(after Zaccheus Collins, American philanthropist and promoter of science, Philadelphia, 1764-1831). Scrophulariaceae. Hardy flower-garden annuals mostly from California and western North America.

Leaves simple, verticillate in 3's, or opposite: flowers in the axils, solitary or in whorls, racemose in some species; calyx bell-shaped; corolla deeply bi-labiate; stamens 4, the fifth rudimentary and glandular. - About 25 species. They are not far removed botanically from Pentstemon and Chelone. From the former, the genus differs in having the fifth sterile stamen reduced to a mere gland.

The collinsias are free-flowering and of the easiest culture. They may be sown outdoors in the fall in wel-drained soil, and will bloom earlier than if sown in spring. Their flowers borne in midsummer range in color from white through lilac and rose to violet, with clear, bright blue also, at least on one lip of the flower. There is no yellow.

A. flower-stalks very short, giving the clusters a dense appearance. B. Corolla strongly declined; throat as wide as long. bicolor, Benth. Fig. 1032. Height 1-2 ft.: hairy, glabrous, or sticky: stems weak and bending: leaves more or less toothed, and oblong or lanceolate, sessile, finely toothed, opposite or in 3's: flowers typically purple and white, with 5 or 6 well-marked color varieties. variety alba, Hort. (Fig. 1033), has pure white flowers, or the lower lip greenish or yellowish. variety multicolor, Voss (C: multicolor, Lindl. & Paxt.), has variegated flowers, the same flower being white, lilac, rose or violet on either lip or both. variety multicolor marmorata, has the lower lip white, suffused lilac, and upper lip light lilac, spotted and striped carmine. Calif., below 2,000 ft. B.M. 3488. P.M. 3:195. B.R. 1734. - This is the most widely distributed and variable species, and the one on which the genus was founded. Calif., mostly in moist ground.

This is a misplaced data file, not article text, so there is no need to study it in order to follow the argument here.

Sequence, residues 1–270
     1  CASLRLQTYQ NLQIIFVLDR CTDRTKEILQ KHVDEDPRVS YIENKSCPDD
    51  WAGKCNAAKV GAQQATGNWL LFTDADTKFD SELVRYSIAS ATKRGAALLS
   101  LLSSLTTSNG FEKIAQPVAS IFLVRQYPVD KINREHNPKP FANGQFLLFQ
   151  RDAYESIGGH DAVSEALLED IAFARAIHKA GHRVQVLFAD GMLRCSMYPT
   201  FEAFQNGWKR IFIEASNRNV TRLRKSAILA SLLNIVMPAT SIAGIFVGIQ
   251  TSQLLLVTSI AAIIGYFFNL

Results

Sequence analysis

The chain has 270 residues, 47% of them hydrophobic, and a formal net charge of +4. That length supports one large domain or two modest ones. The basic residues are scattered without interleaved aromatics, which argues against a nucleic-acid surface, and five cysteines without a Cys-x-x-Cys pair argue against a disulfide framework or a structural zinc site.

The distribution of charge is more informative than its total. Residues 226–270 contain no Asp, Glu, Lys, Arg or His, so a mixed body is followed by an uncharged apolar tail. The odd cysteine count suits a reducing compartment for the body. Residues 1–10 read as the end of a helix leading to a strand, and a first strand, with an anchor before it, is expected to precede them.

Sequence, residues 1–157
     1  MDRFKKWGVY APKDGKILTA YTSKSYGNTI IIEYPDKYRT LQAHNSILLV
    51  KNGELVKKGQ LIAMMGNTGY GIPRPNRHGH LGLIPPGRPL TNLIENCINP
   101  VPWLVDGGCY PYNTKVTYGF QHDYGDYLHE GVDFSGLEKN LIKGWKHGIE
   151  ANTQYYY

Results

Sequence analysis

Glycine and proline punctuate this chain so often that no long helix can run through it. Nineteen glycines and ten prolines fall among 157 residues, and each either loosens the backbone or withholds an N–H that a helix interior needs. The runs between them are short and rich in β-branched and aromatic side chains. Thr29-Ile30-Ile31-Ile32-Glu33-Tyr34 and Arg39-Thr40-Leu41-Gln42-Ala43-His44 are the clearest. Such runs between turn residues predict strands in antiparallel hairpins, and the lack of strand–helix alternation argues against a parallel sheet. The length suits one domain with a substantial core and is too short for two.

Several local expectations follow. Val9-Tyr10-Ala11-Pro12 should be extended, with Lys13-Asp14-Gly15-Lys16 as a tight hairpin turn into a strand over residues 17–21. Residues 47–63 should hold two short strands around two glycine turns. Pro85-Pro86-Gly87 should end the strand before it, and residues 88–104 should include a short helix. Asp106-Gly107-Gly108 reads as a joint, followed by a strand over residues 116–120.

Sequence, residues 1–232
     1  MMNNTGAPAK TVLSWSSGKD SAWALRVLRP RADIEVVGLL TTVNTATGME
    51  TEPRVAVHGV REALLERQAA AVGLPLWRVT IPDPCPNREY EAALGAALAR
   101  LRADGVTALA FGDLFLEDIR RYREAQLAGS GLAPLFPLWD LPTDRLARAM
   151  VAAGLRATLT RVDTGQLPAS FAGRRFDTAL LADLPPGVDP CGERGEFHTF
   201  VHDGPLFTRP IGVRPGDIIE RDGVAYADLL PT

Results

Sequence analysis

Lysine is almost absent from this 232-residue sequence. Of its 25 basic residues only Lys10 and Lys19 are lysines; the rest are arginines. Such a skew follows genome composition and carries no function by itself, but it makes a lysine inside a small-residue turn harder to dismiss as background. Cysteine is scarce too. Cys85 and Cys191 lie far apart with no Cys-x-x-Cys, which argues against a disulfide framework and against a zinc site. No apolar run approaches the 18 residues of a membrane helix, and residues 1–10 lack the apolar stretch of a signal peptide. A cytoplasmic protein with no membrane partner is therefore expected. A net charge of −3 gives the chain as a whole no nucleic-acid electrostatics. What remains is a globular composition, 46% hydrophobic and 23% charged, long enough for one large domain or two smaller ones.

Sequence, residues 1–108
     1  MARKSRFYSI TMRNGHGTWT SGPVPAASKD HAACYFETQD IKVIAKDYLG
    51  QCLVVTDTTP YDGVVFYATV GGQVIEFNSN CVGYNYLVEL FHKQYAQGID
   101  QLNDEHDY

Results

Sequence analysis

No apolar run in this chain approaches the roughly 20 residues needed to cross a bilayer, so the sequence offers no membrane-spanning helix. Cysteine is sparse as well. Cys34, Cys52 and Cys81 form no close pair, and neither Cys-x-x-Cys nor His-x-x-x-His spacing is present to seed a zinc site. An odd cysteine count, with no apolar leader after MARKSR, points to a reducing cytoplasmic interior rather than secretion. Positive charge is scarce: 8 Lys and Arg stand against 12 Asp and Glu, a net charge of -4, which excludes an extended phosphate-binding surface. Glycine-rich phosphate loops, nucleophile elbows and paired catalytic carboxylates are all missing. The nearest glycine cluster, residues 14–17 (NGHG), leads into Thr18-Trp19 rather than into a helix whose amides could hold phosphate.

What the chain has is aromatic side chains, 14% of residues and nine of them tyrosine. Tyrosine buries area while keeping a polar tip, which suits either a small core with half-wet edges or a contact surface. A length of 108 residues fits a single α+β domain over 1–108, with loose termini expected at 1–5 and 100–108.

Collinsia bicolor variety alba. (X 1/2)

Fig. 1033. Collinsia bicolor variety alba. (X 1/2)

bb. Corolla less strongly declined; throat much longer than broad.


Benth. Height 1 1/2 ft., the stem usually stiff and simple: sticky and somewhat glandular, rarely hairy: leaves from ovate-oblong to linear: flower-whorls 2-5, purplish or whitish: seeds not wrinkled. Calif.

Collinsia bicolor.

Fig. 1032. Collinsia bicolor.

aa. flower-stalks 1/2in. long or more, giving the clusters a looser look.


Nutt. Height about 6 in.: leaves ovate or oblong, or the lowest rounded and slender-stalked, and the upper ovate-lanceolate and partly clasping: whorls about 6-flowered; flower-stalks longer than the flowers; throat of the corolla as long as the calyx-lobes; lower Up bright blue; upper lip white or purplish: seeds thick, not flattened, oblong, arched. Moist woods, W. N. Y. and Pa. to Wis. and Ky. B.M. 4927.


Douglas. Height 4-12 in.: leaves thickish, the lowest roundish and stalked: whorls 3-9-flowered; flower-stalks about as long as the flowers; lower lip deep blue or violet; upper lip white or purple; throat of the corolla sac-like, as broad as long, or as long as the upper lip: seeds roundish, smooth. Shady hills of Calif. B.R. 1107.

Wilhelm Miller.

N. Taylor, †